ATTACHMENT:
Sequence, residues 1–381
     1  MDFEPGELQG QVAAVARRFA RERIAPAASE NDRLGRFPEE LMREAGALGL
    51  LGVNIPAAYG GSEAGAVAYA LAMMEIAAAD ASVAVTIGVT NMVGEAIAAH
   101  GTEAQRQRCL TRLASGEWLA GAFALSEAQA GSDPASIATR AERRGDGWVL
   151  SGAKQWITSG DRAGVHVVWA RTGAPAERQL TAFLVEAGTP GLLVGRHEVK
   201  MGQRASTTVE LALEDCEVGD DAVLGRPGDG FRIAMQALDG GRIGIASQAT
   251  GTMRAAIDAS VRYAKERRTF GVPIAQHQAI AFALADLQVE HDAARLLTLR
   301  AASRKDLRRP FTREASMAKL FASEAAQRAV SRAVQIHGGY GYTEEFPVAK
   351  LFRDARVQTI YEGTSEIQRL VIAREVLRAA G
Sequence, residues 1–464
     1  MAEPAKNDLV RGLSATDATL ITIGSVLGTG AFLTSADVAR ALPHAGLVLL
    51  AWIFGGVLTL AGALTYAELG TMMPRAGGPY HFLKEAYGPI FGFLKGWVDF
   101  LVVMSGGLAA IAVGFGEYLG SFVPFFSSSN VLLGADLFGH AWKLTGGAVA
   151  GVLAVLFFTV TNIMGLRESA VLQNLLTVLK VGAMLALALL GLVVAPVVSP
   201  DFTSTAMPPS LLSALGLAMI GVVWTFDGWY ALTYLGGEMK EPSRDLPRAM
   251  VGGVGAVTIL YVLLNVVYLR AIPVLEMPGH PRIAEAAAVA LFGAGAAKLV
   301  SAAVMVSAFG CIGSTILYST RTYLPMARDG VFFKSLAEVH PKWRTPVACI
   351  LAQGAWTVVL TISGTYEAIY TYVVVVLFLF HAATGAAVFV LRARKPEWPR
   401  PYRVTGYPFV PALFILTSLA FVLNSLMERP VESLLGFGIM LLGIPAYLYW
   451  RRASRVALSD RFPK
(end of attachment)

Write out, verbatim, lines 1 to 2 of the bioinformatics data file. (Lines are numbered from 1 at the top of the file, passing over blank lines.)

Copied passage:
Sequence, residues 1–381
     1  MDFEPGELQG QVAAVARRFA RERIAPAASE NDRLGRFPEE LMREAGALGL